As far as fees go, they’re fairly reasonable. Incoming payments that stay in a cryptocurrency wallet charge .5% – half a percent – of the transaction price. If payments are forwarded to an external address the same fee applies, along with a transaction fee. Conversions require a conversion fee, withdrawals have a transaction fee, and personal deposits are free up to 30,000 USD, after which it’s the same .5%.
2Checkout is similar to Stripe in many ways. It’s another online payment processor with a relatively simple setup. They allow payments from virtually every country in the world, with the exception of countries where global or national regulations prevent them, such as Iran and Myanmar. They have the usual range of credit cards; Visa, Mastercard, American Express, and Discover. They also do debit cards, JCB, and Diner’s Club International. On top of that, they have PayPal integration.
The primary reason I’m adding 2Checkout to the list is because of the PayPal integration, interestingly enough. You can, of course, simply use PayPal directly. However, to do so, you need to have a segmented payment process where you send the user out via a redirect or in an iframe to PayPal, where they can then log into their account and authorize the payment. This always feel a little sketchy and, while it’s ostensibly secure, is still a process that has in the past been open to exploitation.
Accepting PayPal payments through 2Checkout allows you to do all of that through their system instead. This can be more trustworthy for some users, though honestly it’s all about the same these days. As long as the payment system you’re using is PCI compliant, the issue is never with man in the middle attacks or snooped traffic; it’s with hacked servers and insecure means of data storage.
2Checkout has the additional benefit of allowing a flexible recurring billing system with a set of different plans you can offer. You can do weekly, bi-weekly, monthly, or even a custom schedule that fits your needs and the needs of your customers.
Calculating the rate for fees for 2Checkout is where things get a little complicated. As with Stripe, fees in the united states are a standard 30 cents per transaction plus 2.9%. Different markets, though, have their own fees. If you’re doing a lot of international business with people in, say, Norway, you’ll be paying 30 cents plus 2.4%. Japan is 3.9% and a 45 cent flat fee. There’s also a base fee of 1% for international customers if you’re based in the United States; each country has their own international fee as well. There’s a $20 fee for chargebacks, and a fee for currency conversion. On the plus side, you get volume pricing if you process more than $50,000 per month. They don’t publicly say what their volume pricing is, however.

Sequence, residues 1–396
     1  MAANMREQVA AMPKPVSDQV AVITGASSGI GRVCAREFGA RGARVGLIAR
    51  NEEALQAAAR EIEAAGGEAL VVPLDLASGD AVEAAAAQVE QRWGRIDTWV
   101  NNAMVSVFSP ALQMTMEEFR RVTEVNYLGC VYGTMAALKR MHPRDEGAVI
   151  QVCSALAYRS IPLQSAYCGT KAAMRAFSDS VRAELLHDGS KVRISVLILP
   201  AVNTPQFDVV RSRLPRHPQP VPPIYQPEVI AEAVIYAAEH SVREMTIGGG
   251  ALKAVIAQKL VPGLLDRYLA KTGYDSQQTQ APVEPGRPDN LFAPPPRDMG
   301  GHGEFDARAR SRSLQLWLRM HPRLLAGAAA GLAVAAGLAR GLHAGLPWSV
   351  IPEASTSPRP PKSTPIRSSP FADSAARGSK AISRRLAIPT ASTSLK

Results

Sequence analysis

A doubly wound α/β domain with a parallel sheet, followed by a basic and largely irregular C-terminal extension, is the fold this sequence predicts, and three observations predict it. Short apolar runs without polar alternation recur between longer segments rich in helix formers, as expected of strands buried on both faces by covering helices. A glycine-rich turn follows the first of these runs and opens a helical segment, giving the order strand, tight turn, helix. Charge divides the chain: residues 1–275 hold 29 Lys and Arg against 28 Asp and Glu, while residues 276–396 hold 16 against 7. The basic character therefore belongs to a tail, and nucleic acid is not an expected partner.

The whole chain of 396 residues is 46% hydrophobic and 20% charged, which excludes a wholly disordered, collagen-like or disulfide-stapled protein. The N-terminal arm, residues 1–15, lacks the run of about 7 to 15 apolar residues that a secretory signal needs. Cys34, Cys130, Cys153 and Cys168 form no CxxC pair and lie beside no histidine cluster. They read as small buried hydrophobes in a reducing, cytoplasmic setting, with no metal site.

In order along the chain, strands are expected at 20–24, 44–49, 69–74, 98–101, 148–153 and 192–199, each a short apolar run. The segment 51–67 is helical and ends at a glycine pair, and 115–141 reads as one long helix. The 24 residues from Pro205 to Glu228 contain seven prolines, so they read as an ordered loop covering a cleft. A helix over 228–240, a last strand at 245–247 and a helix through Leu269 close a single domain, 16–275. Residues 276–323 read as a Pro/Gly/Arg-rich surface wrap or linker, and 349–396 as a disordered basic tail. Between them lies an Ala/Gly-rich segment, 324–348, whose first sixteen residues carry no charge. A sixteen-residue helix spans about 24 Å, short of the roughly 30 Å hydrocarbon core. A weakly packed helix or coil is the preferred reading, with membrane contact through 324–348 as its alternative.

Skrill is a very pared-down payment system that is quite popular internationally, so if you want to accept international bank transfers, this is the way to go about it. It’s very easy to start up an account and link it to an international bank, whatever bank you happen to be using of course. Anyone who has their own Skrill account can send you money in exchange for goods and services.
When you receive payments, you have the choice of where the money goes. It can be transferred immediately to your bank account, left in a mobile wallet, or put in a Skrill wallet for use in your own payments.
The major benefit of Skrill is that they accept businesses in certain niches that many other payment processors do not. They advertise working with gaming and gambling companies, like Bet365 and Ladbrokes Coral. They also do Forex, which is unusual for many payment processors. A lot of mobile games use it as well.
Skrill also has a sort of affiliate system, under their shopping system. Brands using Skrill can create offers for Skrill themselves to promote; other Skrill users can pay using Skrill and get some kind of discount. There’s a 50% discount for buying Kaspersky, for example.
Skrill is not without fees, of course. Paying a Skrill wallet with another Skrill wallet is free, receiving money is free, and adding money to a Skrill wallet is free most of the time. However, pulling money out of a Skrill wallet is not free; they take 1.9% of what is removed, up to a maximum of $20.
This is actually a very low fee if you’re keeping money in Skrill and pulling it out only when you need to for bookkeeping purposes. That said, if you need the money in your bank account immediately, it’s just another transaction fee, more or less.
Dwolla is aimed at being a platform enabling businesses to move money. It’s widely used by fast-growing tech companies and tech groups, but is available for anyone. They are backed by Union Square Ventures, the Foundry Group, and Andreessen Horowitz.
Dwolla doesn’t really do anything that these other payment options don’t, but it does it in a fast, integrated platform. Of primary interest is their focus on ACH transfers – bank to bank – using their API. They work with international banks as well as domestic banks to cover a wide variety of options. You can do one-time payments, recurring payments, and even mass payments with their system.
As far as fees are concerned, public information is scarce. They used to charge 25 cents for any transaction over $10, but they have added various merchant accounts with varying transaction fees. For the most part, it seems like you pay for Dwolla and get waived fees, these days. This may have changed since I last checked, however.
Regardless of the option you choose, there are many payment methods you can integrate to help allow customers to pay you in a manner of their choosing. Why not check them out?